Usually, when a star dies, it will usually form a planetary nebula or supernova and most of this matter will reach the interstellar medium.
When it collapses due to some disturbance, a protoplanetary disk forms, it will cool off eventually. Once it is low enough temperature to form compounds, usually molecular hydrogen (H2) will form first. Here is something that may help you:
No, H2O cannot exist in stars, but H and O separately can. Hydrogen is the basic building material of the universe, created in the Big Bang. Oxygen is created by nuclear reactions in stars. If you put H and O together in the cold of space, you get H2O. There are enormous amounts of water in space. In fact, nearly all of the oxygen in space is in the form of water or carbon monoxide. Similarly, most the carbon and nitrogen in space are also in their most hydrogenated forms: methane (CH4) and ammonia (NH3).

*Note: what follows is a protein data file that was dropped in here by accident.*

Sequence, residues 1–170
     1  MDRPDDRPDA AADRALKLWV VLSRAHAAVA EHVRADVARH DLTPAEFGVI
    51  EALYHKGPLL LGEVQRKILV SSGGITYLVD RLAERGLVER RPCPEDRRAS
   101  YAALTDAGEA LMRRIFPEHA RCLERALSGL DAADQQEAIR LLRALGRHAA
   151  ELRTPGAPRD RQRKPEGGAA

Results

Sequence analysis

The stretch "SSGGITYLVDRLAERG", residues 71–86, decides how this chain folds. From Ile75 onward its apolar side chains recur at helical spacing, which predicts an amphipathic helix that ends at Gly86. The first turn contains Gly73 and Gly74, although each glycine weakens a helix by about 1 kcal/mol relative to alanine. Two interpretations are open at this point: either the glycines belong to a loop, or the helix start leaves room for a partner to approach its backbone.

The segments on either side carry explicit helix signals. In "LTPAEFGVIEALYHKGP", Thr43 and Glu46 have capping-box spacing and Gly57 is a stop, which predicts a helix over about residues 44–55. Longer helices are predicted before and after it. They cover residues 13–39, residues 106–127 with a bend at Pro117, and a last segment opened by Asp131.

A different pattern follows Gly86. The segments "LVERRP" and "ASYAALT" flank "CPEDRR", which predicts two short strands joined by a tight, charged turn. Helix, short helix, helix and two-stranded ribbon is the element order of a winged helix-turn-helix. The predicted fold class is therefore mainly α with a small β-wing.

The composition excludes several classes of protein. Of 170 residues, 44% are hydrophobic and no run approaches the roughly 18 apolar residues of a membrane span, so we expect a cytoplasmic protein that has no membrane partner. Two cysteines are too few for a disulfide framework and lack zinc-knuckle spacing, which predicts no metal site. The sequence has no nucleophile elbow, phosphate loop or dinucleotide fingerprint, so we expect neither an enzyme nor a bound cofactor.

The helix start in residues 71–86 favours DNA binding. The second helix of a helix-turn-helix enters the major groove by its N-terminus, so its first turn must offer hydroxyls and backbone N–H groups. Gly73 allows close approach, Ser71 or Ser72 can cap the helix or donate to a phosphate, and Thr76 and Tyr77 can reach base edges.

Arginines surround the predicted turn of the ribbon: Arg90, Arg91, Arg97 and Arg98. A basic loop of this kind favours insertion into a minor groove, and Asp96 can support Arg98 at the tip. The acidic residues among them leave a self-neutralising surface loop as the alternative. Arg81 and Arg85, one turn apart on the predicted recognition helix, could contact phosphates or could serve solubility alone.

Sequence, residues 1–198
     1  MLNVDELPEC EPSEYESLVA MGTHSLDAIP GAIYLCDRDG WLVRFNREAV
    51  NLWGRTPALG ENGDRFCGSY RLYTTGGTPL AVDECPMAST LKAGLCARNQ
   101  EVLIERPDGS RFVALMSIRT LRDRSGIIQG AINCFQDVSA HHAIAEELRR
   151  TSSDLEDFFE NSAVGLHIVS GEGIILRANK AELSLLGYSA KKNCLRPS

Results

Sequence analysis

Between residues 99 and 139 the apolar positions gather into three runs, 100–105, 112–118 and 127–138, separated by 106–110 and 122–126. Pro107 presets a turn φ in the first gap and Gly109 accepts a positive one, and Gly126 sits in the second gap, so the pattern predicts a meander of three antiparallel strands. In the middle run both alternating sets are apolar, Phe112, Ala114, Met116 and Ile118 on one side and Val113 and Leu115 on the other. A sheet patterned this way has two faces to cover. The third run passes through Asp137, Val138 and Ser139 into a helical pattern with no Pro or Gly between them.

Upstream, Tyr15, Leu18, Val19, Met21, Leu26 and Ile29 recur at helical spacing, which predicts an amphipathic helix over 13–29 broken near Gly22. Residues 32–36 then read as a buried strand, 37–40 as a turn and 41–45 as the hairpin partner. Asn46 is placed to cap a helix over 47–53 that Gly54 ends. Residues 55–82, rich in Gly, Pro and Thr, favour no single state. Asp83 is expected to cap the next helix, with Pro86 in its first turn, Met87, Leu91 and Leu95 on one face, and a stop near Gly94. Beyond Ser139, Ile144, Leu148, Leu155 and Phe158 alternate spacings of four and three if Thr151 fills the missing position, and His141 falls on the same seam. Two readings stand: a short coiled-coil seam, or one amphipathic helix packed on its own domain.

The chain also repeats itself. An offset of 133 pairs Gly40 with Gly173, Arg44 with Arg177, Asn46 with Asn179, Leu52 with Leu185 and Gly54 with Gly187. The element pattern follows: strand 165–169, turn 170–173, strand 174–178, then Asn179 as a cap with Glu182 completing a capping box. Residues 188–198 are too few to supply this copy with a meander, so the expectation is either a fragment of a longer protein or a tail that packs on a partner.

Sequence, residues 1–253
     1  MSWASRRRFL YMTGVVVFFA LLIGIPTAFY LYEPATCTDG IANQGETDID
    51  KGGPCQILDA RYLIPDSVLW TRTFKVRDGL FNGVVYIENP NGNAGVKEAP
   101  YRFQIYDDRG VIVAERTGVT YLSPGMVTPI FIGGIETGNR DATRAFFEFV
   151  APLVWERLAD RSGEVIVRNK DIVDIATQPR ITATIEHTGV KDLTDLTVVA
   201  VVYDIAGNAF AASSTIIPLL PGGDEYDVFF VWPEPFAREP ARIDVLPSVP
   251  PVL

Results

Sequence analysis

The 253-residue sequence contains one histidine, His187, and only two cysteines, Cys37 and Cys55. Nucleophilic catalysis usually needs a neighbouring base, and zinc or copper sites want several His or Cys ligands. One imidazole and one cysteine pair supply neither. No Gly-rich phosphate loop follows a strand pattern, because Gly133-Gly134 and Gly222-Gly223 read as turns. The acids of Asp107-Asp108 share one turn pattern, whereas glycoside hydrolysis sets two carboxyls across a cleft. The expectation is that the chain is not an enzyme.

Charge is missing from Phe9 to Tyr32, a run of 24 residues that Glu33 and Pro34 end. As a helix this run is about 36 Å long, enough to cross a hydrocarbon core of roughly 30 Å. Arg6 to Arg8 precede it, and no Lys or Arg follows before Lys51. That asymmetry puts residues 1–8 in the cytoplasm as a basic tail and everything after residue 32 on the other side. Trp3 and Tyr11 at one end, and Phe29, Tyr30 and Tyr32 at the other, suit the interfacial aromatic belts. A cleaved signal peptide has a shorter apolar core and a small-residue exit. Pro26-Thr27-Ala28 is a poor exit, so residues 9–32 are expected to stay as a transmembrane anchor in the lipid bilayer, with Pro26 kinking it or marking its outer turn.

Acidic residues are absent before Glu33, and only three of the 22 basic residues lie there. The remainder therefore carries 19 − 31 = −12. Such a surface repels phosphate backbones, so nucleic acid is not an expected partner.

Since water is H2O, it is likely to form because nebulae contain so much hydrogen and some oxygen. The Earth was most likely hit by comets and asteroids that contained water, and when our planet cooled off, we got our oceans.